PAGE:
I didn't think of volunteering for the Olympics. I was one of the grumblers, I'm sorry to say. But I'm eating my words now. Here in London anyway, the whole Olympics event has highlighted what ordinary people can do, and how amazing it can be.
The above pictures are part of a fascinating display in the National Portrait Gallery, one of my favourite museums in London. As part of their Olympic theme, photographer Nadav Kandar photographed some of the torch bearers who took turns in carrying the Olympic Flame through Britain to London.
The three shown are (left to right) Kenneth Reid, blind from the disease retinitis pigmentosa, who volunteers for many organisations to help the blind. Second from left, Abtisam Mohamed battled a tough upbringing to take a law degree and began a charity to raise the aspirations and achievements of Yemeni women in Britain, and their children. Third, Andy Tutte, an ex heroin addict and homeless man, who now teaches young people about health through fitness and sport.
There are several photos and descriptions of other inspirational people in the gallery, and a link to the portraits here.
And then, how's this for volunteering? This nice BMW, whizzing through a restricted area, might have been driven by someone I met yesterday. He'd volunteered as a driver, and said it was one of the high experiences of his life to be part of a huge once-in-a-lifetime event.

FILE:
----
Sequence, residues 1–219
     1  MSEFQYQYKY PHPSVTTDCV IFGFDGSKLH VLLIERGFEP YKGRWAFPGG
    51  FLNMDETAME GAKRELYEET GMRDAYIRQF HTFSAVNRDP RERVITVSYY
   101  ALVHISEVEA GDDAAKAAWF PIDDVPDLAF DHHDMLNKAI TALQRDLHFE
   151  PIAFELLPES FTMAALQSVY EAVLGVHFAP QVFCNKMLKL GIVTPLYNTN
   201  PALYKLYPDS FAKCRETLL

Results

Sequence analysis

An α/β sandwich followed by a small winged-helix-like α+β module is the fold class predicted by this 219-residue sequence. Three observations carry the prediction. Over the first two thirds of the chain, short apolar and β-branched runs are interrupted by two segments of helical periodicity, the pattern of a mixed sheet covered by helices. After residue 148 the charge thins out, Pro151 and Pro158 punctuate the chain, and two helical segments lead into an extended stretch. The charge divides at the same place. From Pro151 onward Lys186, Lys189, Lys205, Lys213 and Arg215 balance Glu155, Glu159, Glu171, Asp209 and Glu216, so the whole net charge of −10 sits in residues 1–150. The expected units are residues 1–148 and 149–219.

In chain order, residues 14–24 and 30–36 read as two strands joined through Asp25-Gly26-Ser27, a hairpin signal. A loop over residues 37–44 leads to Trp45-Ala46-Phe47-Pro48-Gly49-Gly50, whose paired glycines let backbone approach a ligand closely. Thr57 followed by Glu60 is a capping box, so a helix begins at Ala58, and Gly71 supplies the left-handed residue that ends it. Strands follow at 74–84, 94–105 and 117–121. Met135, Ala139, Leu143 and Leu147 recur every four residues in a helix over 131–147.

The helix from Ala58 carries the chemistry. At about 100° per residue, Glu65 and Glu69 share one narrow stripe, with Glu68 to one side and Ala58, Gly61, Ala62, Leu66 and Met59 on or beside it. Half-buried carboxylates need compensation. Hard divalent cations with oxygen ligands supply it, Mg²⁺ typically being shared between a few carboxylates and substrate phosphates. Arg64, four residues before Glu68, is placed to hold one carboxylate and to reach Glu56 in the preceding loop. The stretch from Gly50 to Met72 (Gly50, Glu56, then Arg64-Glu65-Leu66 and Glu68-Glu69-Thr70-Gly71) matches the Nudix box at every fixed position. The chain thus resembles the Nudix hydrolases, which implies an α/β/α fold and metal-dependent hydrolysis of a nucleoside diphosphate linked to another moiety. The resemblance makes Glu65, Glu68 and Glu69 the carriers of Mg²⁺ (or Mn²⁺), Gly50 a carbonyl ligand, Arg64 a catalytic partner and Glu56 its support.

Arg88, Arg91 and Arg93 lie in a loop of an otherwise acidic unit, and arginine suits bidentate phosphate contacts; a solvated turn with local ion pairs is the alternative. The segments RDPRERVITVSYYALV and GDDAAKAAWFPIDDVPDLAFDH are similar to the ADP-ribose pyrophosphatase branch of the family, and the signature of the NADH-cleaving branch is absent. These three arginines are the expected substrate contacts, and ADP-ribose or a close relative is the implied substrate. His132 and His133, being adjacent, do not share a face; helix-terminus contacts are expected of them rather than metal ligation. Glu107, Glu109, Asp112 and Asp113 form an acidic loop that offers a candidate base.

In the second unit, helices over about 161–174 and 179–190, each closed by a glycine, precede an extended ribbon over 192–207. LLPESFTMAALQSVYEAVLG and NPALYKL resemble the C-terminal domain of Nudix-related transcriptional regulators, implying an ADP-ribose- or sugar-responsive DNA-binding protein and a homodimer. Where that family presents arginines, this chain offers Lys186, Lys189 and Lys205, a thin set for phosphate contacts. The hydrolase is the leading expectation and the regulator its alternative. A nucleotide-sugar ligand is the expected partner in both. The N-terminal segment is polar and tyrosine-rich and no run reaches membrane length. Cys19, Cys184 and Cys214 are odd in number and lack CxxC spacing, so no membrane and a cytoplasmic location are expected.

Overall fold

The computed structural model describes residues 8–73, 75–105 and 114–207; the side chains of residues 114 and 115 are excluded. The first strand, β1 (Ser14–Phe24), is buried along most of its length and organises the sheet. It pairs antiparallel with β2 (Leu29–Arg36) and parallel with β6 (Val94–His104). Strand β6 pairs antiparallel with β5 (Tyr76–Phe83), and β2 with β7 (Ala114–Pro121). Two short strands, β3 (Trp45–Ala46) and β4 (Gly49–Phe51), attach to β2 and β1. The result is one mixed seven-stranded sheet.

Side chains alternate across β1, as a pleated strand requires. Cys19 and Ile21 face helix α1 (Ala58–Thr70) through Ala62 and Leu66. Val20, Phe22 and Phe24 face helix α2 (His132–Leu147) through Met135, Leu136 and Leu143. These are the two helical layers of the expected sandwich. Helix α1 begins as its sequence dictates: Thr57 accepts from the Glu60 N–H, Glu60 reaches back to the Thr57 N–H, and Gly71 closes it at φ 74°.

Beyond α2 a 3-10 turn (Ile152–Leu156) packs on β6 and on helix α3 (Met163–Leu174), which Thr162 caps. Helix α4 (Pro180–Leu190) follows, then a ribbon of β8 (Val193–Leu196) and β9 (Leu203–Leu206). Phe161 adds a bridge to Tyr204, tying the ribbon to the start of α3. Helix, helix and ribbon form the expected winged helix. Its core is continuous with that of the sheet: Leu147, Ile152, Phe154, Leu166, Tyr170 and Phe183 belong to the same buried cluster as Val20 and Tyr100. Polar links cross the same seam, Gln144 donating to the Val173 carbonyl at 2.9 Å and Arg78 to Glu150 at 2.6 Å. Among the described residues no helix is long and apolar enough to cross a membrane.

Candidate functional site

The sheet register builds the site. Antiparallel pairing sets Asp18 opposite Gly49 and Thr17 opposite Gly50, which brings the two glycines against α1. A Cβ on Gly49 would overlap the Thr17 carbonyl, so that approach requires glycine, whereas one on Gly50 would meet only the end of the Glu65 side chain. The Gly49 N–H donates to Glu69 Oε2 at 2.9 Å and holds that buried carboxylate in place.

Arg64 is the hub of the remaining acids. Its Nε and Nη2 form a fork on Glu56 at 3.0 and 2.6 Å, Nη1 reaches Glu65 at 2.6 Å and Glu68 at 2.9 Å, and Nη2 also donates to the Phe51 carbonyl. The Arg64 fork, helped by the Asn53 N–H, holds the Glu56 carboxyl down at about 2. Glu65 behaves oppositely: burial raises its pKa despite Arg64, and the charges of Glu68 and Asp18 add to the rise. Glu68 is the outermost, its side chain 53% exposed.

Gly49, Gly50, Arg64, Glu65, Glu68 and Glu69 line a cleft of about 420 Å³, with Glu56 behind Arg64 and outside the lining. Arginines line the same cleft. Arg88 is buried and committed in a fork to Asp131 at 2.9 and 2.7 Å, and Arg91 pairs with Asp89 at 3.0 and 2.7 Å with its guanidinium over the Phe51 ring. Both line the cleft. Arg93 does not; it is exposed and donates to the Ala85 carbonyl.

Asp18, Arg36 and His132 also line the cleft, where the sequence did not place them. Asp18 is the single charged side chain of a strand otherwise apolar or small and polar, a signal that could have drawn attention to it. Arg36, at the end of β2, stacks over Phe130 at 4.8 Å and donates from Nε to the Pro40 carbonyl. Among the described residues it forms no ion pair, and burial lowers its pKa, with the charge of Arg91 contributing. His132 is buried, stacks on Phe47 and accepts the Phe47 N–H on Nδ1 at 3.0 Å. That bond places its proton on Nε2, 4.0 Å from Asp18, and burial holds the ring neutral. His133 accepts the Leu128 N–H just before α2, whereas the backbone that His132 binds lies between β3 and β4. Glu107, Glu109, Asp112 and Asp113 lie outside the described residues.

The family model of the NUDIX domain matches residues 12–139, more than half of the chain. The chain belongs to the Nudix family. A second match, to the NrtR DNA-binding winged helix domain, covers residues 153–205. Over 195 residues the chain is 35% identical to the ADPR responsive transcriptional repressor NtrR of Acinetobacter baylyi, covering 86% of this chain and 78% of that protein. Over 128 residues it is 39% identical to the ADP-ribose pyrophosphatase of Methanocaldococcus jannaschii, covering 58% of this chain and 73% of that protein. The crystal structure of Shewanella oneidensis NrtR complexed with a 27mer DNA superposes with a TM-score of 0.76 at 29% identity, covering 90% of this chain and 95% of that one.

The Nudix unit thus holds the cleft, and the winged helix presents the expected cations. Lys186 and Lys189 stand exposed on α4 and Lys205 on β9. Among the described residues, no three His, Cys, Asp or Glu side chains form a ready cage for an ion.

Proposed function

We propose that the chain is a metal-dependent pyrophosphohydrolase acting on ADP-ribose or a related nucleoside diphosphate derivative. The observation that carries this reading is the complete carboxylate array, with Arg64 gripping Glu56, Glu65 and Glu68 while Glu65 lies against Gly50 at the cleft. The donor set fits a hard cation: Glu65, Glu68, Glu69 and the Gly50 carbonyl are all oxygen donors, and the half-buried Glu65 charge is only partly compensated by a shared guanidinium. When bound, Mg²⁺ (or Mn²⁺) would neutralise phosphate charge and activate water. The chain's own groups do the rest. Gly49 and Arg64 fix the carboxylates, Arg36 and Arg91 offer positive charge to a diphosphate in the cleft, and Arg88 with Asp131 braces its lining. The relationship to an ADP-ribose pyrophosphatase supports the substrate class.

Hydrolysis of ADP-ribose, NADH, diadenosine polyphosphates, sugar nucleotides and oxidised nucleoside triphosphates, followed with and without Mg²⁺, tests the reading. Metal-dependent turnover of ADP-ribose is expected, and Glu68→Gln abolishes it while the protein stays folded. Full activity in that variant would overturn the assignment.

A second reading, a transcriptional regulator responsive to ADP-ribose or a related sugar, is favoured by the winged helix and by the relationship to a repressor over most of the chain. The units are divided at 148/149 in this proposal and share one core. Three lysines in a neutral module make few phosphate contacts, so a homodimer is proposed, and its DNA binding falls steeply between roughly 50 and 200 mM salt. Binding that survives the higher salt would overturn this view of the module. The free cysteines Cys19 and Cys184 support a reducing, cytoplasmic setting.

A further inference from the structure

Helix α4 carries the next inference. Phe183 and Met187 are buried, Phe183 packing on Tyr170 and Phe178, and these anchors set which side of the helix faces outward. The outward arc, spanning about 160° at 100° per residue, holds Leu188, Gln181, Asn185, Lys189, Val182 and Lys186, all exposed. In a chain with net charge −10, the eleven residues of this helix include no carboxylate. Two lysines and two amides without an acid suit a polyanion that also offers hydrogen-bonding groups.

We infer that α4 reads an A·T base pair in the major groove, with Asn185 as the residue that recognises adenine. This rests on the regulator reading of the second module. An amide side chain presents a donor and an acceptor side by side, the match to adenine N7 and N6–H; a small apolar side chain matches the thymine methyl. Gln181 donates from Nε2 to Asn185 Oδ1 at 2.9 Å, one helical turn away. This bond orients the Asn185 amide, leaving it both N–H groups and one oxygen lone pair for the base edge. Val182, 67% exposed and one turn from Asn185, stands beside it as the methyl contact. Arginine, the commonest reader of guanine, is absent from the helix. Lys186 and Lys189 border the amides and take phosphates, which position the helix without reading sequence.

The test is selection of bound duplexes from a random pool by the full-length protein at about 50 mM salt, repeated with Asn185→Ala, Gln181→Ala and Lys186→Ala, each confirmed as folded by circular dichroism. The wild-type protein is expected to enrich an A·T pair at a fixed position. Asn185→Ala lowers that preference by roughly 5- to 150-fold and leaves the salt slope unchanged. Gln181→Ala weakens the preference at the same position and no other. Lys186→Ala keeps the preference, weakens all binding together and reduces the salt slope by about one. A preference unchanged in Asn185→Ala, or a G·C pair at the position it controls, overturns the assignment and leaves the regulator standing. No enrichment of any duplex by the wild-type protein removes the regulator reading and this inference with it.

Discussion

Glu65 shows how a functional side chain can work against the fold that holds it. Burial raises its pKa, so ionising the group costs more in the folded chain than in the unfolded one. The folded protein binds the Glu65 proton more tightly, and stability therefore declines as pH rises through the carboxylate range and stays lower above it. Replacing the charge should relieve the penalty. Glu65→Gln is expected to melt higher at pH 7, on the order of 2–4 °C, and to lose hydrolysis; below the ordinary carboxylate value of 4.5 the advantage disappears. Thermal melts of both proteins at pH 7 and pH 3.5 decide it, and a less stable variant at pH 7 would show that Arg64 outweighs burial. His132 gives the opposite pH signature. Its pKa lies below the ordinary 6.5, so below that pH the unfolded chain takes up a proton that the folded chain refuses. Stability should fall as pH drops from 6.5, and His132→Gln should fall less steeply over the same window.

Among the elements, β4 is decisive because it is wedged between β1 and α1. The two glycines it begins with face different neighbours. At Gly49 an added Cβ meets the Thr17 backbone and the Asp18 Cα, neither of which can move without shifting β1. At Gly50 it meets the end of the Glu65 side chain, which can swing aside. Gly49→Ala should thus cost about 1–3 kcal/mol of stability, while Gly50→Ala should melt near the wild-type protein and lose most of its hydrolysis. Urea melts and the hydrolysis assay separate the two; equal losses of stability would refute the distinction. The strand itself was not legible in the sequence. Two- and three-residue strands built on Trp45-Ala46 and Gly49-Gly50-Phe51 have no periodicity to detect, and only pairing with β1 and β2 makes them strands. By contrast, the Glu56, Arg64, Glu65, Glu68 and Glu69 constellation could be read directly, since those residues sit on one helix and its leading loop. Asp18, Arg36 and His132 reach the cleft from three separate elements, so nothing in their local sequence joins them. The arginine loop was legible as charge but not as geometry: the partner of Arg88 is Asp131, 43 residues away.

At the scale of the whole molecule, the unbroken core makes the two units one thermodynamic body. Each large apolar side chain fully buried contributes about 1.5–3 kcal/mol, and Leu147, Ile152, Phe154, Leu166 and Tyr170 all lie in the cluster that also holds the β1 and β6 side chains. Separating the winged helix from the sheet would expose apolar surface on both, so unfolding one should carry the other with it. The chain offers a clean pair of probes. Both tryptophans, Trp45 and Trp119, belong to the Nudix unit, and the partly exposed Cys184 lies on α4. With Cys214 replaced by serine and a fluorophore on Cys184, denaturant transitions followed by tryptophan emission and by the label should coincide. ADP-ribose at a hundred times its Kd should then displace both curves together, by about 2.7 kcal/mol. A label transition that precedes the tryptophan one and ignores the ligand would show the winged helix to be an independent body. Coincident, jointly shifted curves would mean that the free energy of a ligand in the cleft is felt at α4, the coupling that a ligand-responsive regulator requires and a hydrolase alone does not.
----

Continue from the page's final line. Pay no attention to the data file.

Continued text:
He'd been allocated to drive around foreign bigwigs in a gleaming BMW. Sailing through London, preceded by many cops with blue flashing lights, stopping all the traffic. How cool is that?
He had felt very "challenged" at the start, because everything had to be perfect. But his Olympic pass lets him into many events for free, and he's mixing with people of all colours and cultures from all walks of life. He also said he's never seen so many celebrities. All such a change from his normal life, he said.
I asked if he was a driver in his normal life, and he said, "No, I'm a managing director of an international company." (!)
And then, I spotted these bandsmen outside the American Ambassador's residence on the first day of the Olympics. Michelle Obama was there hosting hundreds of poor London kids, plus 700 American kids, and a group of top athletes and celebrities had a day of Olympic themed activities. What an experience for them!
When snapping this photo, I was taken by the guy in the truck. He reminded me of someone from a Norman Rockwell picture.
I sure hope that whoever is organising the Olympics in Rio, 2016, will also involve all members of their community. Meanwhile, I'm mad I missed out, but I am so enjoying being in London and seeing everything. And I am very proud that the organisers of this games have done so much to be inclusive of everyone in our country.